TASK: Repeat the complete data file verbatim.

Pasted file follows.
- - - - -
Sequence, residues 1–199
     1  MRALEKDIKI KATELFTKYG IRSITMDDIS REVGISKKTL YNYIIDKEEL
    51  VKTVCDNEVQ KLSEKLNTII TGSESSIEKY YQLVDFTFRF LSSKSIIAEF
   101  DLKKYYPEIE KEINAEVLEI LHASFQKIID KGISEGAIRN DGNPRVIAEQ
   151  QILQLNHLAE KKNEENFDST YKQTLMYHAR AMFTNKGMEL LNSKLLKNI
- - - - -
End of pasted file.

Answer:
Sequence, residues 1–199
     1  MRALEKDIKI KATELFTKYG IRSITMDDIS REVGISKKTL YNYIIDKEEL
    51  VKTVCDNEVQ KLSEKLNTII TGSESSIEKY YQLVDFTFRF LSSKSIIAEF
   101  DLKKYYPEIE KEINAEVLEI LHASFQKIID KGISEGAIRN DGNPRVIAEQ
   151  QILQLNHLAE KKNEENFDST YKQTLMYHAR AMFTNKGMEL LNSKLLKNI